With vivid emotional clarity, I can remember standing helplessly before the chalkboard, crying in front the entire fourth grade class as I struggled to overcome the enigma of a long division problem. My teacher, a middle-aged woman who had apparently come to expect great things from me, was clearly frustrated with my lack of progress. Her verbal corrections did not help, and I felt a keen sense of embarrassment and shame. It was partly because of my inability to solve the formula, but also in part, I believe due to something else.
Although any student would find my experience at the front of the chalkboard upsetting, one reason I found it so hurtful as a boy was because a woman was making me cry. As a boy who was just learning the chauvinistic norms of my school, somewhere deep inside I knew it was especially embarrassing when a woman made you cry. This wasn’t supposed to happen. I was supposed to be stronger than her, even though I was only eight or nine years old at the time. In this case, my gender was supposed to trump my age, even though I lacked emotional strength and maturity to understand or cope with the situation.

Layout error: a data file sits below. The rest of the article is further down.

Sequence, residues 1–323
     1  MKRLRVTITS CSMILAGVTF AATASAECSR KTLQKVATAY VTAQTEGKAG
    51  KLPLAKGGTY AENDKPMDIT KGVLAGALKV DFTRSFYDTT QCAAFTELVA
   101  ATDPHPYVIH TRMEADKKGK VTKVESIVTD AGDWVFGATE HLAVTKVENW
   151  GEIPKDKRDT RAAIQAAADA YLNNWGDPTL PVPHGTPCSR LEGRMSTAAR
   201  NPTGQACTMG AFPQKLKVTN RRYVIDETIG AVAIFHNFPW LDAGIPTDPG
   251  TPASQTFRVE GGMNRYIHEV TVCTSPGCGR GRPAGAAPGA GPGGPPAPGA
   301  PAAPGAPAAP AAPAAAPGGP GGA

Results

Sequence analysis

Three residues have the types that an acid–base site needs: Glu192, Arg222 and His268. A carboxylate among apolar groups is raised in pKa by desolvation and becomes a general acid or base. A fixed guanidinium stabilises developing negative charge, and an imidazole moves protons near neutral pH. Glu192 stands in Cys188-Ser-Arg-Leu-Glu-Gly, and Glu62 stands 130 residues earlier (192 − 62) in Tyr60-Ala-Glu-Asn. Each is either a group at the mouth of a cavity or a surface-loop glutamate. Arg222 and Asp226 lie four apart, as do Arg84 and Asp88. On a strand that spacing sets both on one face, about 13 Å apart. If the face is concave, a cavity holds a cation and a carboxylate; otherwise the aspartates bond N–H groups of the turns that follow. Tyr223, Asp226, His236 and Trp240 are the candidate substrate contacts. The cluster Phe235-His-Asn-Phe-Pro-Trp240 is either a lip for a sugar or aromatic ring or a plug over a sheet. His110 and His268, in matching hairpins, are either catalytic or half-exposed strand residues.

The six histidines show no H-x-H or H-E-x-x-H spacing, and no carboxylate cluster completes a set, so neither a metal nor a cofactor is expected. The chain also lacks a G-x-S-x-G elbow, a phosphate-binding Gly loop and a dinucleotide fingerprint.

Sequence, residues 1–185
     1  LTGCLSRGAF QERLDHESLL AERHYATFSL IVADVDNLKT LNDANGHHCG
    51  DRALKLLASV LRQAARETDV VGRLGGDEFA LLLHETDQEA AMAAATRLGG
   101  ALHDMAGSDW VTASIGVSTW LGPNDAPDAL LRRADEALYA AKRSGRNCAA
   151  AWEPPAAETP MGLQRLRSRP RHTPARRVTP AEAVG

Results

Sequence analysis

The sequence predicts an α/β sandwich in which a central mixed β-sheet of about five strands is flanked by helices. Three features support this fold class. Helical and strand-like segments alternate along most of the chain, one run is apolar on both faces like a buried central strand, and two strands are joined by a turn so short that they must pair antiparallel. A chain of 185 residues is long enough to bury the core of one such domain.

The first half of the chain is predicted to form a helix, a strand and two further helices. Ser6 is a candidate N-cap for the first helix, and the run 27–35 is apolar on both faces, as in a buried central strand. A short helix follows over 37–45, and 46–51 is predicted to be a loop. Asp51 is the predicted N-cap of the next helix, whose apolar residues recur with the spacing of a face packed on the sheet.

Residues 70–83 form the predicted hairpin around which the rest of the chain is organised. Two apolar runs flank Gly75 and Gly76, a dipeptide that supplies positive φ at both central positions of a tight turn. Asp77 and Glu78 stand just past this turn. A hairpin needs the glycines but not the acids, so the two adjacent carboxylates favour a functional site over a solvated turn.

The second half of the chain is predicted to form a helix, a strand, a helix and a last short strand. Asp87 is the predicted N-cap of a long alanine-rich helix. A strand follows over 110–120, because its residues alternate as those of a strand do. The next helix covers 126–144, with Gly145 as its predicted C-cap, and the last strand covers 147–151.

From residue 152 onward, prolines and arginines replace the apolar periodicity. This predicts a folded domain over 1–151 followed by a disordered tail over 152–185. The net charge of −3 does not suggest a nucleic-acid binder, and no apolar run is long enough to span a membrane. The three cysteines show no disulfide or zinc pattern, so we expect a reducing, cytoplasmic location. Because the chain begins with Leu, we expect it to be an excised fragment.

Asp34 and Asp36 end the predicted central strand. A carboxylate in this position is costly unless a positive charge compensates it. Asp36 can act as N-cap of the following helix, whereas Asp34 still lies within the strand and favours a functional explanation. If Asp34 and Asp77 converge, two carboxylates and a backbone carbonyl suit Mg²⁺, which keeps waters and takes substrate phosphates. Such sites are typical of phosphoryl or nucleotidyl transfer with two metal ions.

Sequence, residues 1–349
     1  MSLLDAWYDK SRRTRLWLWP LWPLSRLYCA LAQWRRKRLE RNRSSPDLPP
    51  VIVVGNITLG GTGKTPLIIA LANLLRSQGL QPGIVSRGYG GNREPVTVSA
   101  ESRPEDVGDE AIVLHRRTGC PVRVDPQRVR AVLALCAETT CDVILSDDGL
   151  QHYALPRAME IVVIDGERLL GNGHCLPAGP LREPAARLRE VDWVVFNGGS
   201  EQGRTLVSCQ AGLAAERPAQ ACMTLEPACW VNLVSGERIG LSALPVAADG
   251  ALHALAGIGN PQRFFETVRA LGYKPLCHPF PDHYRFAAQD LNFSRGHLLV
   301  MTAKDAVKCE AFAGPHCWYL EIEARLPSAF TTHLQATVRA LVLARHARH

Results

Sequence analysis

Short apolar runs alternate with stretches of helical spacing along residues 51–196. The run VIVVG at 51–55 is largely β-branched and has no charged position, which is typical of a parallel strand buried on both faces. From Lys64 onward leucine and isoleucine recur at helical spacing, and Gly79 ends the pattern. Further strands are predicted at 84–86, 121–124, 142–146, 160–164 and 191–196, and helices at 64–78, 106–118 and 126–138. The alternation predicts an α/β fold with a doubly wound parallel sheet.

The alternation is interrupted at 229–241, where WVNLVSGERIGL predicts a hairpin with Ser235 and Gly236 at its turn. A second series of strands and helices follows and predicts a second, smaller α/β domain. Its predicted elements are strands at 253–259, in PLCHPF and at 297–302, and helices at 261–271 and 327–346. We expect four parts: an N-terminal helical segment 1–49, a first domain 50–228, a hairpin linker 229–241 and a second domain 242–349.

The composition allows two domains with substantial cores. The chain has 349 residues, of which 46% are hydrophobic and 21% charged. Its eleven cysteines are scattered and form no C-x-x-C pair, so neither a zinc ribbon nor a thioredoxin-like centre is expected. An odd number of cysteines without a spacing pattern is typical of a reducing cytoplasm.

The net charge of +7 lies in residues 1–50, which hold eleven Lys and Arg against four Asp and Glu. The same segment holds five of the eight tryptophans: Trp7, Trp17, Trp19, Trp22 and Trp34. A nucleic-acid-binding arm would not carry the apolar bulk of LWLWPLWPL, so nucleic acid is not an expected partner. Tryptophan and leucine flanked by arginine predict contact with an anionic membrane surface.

I was a victim of one of the many contradictions of complementarian Christianity. Complementarians say that men teach and lead while women learn and submit. Yet, at my school, most of the teachers were women. In fact, in Christian churches and schools throughout the world, females teach and lead while male students learn and submit. At some point (no one seems to know or agree about when), males are to stop learning from and submitting to women. In other words, age and gender seem to determine whether or not a woman is able to lead or teach, but the rules about this are foggy, at best. This creates confusion and emotional isolation for boys.
Before going further, let me acknowledge that girls face a tougher set of circumstances and challenges than boys as they grow older. Girls face a higher likelihood of being sexually abused and they must deal with all of the double-standards, objectification of female bodies, and other challenges that accompany sexism in the world. At the same time, it is worth exploring the challenges faced by boys as they grow older, particularly those that stem from complementarian theology and sexist policies within Christian institutions. Both sexes pay a price for arbitrary and restrictive gender norms, and although boys might pay less of a price, they are no exception to this rule.
The misguided and conflicting complementarian norms make growing into manhood a challenging prospect for boys. Boys often try to mimic the men around them. At the chalkboard, I felt shame, in part because I was not acting like other men in the church, who were leaders and teachers. Men were strong. Men were in charge of their emotions and of the people around them. But, the truth of the matter was, I was a boy, not a man, and so my role, at least for the time being, was a submissive one.